I have been blessed with a good job and material comfort, but my greatest treasure in this world is my family, and my greatest prayer is that my daughters will live happy, healthy, and holy lives.

    God bless us, everyone (even Mr. Scrooge!).

  • Sue

    Tedeschi is only half right – it’s the bankers and the births. Look who funded the many totalitarians of the last century and guided us to the eugenocratic world state we have become.

    Go to the Inter-American Institute webpage for some incisive articles on this subject.

  • Clement Williams

    The Lord has been providing for the population growth through people like Norman Borlaug and researchers in Agronomy and Agriculture throughout history and even now. Like everything else, there are many priesthoods of ‘science’ and the left hand does not know what the right hand is doing. The only reason there is a lobby afraid of ‘over-population’ is that they believe that ‘Science’ is something they created but unable to realize that it is the Holy Spirit who has brought into each one of us His Gifts: Wisdom, Knowledge, Understanding, His Counsel/Inspiration and His Strength/Fortitude, the Basic Gifts. The ones who stop there, worshipping “Science” which is, in fact, these Basic Gifts cannot go further to the natural progression to the next Gift: Piety/Humility which leads to the Last Gift: Awe of and Reverence for GOD, The Creator!

    Why? Psalm 8 says it :”yet you have made us little less than gods” and Genesis says Three times: ‘ in His image and likeness’ and having received the first 5 gifts free of charge without our effort, we admire ourselves in the mirror (itself a gift from God) and make the error – probably part of the Original Sin – of mistaking the image for the Original having idolized/deified God’s Gift of Science!

  • diaperman

    Rip Van Winkle Catholic conservatism strikes again. I agree with the author of course, but who exactly today is making the arguments the author is arguing against? This is view that probably has a few defenders today somewhere, but it has lost steam ever since the 80’s.

    I have yet to hear even the global warming people argue that mass sterilizations and abortions are necessary to keep the planet from burning up.

    Most responsible world demographers agree that birth rates are falling pretty much all over the globe. Abortion and contraception are promoted mainly as a means of personal liberation and not as a means to control population. It’s only in very poor places like Africa where birth control is promoted as a (misguided) anti-poverty measure–though the bigger concern among world health agencies is the spread of AIDS. Africa is actually the most sparsely populated continent besides Antarctica.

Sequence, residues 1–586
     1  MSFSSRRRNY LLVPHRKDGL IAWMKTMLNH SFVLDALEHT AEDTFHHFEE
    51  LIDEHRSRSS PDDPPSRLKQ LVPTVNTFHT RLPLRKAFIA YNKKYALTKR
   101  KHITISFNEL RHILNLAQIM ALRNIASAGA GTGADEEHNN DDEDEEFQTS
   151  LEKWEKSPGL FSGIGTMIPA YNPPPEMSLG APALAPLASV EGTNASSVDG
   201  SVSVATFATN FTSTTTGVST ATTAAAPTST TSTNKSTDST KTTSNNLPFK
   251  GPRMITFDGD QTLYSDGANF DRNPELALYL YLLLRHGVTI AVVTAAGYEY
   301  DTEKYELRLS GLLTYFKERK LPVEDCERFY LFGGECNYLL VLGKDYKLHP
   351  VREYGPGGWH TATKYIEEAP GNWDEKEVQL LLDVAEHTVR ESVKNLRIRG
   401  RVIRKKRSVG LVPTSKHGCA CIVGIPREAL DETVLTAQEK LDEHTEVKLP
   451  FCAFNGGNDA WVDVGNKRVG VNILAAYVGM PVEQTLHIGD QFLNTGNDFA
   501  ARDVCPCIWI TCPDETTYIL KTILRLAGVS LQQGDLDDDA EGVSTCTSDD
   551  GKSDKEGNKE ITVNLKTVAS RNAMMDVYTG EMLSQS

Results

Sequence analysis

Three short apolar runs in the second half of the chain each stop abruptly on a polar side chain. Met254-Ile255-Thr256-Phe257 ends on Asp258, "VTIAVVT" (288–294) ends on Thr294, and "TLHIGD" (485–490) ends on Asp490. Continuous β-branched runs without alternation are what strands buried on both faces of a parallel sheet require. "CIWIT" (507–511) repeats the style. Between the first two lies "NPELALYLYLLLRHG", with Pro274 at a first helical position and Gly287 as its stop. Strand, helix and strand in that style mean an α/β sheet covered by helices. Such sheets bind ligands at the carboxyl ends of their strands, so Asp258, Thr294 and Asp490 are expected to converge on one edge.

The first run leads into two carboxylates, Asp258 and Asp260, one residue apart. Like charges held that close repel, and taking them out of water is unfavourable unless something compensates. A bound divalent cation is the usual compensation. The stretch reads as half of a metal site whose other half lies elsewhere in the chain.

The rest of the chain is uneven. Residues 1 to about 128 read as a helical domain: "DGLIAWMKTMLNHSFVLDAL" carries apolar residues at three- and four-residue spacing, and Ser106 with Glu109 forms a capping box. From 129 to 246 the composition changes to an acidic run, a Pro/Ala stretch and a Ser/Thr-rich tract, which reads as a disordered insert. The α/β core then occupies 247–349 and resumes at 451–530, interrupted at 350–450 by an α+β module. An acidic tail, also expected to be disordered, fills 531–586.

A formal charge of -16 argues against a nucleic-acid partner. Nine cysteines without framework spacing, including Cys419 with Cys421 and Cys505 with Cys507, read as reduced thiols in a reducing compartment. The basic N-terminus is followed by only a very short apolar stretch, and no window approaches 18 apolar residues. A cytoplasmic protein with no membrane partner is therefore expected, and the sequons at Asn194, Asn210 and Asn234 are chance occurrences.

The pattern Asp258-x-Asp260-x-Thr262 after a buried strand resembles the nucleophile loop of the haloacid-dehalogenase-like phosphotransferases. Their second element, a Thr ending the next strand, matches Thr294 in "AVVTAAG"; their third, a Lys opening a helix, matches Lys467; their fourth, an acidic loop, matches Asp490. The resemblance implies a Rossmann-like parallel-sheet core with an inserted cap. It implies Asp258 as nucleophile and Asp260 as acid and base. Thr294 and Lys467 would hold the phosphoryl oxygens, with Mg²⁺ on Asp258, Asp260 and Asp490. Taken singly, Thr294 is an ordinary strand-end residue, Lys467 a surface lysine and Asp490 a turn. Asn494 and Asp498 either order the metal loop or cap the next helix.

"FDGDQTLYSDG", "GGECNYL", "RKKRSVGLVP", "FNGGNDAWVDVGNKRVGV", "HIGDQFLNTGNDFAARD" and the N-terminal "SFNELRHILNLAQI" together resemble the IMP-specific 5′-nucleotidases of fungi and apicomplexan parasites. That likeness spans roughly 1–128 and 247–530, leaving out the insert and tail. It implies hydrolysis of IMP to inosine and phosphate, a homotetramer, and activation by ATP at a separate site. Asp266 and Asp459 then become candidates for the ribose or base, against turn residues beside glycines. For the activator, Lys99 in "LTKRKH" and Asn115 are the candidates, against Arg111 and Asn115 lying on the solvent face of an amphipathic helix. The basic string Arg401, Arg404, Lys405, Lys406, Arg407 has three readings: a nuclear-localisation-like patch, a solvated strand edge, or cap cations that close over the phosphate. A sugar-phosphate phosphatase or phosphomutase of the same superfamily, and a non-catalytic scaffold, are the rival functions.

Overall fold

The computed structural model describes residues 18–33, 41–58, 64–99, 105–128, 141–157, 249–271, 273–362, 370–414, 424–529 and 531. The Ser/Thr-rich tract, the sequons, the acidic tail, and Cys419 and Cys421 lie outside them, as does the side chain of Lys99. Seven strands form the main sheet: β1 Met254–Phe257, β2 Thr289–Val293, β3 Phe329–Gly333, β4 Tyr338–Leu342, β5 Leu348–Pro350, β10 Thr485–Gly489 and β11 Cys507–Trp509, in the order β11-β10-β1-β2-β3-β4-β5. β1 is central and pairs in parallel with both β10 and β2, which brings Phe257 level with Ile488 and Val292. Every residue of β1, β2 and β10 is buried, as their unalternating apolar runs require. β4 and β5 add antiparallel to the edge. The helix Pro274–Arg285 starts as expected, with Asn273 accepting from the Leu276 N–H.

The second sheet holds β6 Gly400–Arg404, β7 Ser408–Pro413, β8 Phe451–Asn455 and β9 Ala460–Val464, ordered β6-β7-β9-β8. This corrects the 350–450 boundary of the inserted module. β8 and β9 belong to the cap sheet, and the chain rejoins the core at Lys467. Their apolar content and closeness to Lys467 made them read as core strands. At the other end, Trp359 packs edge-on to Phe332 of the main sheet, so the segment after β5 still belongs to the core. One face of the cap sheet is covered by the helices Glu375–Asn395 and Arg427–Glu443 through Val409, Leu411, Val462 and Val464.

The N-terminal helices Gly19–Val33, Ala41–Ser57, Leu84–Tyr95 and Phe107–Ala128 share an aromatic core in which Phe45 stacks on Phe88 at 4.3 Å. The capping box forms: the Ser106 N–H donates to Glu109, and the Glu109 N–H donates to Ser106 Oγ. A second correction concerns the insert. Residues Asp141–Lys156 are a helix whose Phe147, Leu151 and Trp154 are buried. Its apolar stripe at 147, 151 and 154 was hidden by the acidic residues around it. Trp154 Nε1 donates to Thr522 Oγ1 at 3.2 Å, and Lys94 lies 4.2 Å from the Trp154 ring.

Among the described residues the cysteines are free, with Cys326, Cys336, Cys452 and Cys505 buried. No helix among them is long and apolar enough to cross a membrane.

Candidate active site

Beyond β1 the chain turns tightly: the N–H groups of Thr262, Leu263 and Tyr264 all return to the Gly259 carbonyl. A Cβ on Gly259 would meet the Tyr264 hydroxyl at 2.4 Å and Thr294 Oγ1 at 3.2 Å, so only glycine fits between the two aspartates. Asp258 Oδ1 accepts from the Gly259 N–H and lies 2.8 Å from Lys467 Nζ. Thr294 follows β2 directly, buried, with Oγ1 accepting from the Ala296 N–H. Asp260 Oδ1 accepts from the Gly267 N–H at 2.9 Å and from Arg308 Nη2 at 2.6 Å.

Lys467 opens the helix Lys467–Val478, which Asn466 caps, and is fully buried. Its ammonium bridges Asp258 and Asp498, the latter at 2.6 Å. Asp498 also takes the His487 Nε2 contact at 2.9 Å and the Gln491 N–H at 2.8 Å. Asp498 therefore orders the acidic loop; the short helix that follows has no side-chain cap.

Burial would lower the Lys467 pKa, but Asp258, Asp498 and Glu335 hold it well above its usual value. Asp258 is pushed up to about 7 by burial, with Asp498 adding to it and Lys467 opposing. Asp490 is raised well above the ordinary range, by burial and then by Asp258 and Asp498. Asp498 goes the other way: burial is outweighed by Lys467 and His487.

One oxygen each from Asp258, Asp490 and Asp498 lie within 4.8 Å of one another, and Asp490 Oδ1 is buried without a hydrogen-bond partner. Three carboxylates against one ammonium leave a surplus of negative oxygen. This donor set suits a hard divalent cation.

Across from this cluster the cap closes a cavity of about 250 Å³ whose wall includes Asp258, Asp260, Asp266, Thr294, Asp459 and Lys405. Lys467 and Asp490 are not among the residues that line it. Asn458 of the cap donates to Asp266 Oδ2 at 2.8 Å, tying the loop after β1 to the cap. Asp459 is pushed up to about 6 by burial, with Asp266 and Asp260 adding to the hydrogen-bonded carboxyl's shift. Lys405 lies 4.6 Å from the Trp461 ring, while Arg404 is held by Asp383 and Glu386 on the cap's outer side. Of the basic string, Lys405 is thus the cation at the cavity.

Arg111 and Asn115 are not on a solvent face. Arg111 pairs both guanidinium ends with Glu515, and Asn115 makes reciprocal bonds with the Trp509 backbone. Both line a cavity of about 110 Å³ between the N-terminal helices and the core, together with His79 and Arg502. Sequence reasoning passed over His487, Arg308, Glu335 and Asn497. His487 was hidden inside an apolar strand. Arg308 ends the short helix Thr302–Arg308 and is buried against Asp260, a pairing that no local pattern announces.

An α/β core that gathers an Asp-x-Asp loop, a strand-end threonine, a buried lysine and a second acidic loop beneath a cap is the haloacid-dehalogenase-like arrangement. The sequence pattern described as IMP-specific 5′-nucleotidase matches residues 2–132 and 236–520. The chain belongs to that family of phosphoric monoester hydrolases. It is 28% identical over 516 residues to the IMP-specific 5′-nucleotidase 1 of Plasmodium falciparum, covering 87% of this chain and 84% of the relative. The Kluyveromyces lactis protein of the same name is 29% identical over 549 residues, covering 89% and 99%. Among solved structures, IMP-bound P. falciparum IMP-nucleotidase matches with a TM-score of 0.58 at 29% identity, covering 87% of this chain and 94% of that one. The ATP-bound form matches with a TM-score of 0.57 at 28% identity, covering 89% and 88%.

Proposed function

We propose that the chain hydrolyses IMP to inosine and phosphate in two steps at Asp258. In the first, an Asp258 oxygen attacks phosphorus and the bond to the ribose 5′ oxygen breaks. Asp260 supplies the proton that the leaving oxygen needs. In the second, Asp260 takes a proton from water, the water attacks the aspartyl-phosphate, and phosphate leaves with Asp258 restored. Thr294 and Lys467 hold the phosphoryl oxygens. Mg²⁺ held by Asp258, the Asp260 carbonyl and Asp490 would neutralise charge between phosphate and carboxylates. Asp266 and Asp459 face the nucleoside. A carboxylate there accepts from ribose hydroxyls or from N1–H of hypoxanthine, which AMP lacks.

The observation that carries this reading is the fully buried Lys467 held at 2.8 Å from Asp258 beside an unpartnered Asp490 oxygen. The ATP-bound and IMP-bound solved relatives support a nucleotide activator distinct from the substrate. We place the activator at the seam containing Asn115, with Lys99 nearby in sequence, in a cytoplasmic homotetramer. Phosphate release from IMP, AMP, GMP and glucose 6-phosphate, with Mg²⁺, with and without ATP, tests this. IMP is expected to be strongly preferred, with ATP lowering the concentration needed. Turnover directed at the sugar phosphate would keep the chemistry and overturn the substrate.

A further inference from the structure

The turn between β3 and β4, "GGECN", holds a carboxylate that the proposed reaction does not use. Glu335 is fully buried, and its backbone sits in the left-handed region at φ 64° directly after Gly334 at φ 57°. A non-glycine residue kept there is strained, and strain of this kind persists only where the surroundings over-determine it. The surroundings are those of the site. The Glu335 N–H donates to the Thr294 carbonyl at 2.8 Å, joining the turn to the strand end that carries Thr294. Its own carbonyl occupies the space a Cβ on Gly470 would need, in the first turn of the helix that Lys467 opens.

I mean, it’s good for people who were right about this 40 years ago to point out that Paul Erlich was wrong in his Malthusian predictions–but to what end? Who doesn’t know the outcome of the Erlich–Simon bet on world resources. It was a great intellectual triumph for the Right.

    But that was then..this is now…The huge economic growth in India and China has pushed up oil prices at least in the intermediate term. (Simon would have lost his bet if he had struck it 20 years later than he did!)

    But the bigger point is that intellectual energy would be far better spent trying to convince societies around the world to raise!! their birth rates to offset the aging of world populations–than reminding ourselves how bad Erlich’s predictions look today.

  • Charles

    I’ll consider the Malthusians’ data when they swear off their totalitarian attempts to control the distribution. They don’t sound like the type saying ‘sterilize others so my piece of the pie stays the same’ (which is offensive enough), they come off as even more dangerous: ‘allow me to impose my monopolies to ration resources so I may also direct them to myself and allies so that my piece of the pie can grow bigger’.

    Of course, any human being will notice the ultimate failure in both the less and more dangerous position. It is the dismissal of humanity and selfishness that limits the growth of resources. They waste resources attempting to destroy them and collecting their share of a pie they’re shrinking. Only a cooperative spirit that sees all humanity in their dignity that will succeed. We need to nurture our fellow human beings so they can produce and share.

  • Micha Elyi

    Such an appropriate column for this season in which Scrooge’s wish to “decrease the surplus population” will be oft-heard.

  • Matt

    According to the author the elite’s motive for promoting population control – as a solution for global resource distribution – is a benign desire that is flawed due to latching onto an oversimplified solution.

    The root of the motive is evil. The elite of the world scheme to manage human existence from womb to grave through governmental decree and ultimately force. The elite have the desire to control humanity while productive and will efficiently dispose of us when unproductive. They understand that global poverty decreases global consumption thus everyone, save the elite, should be equally poor and properly managed.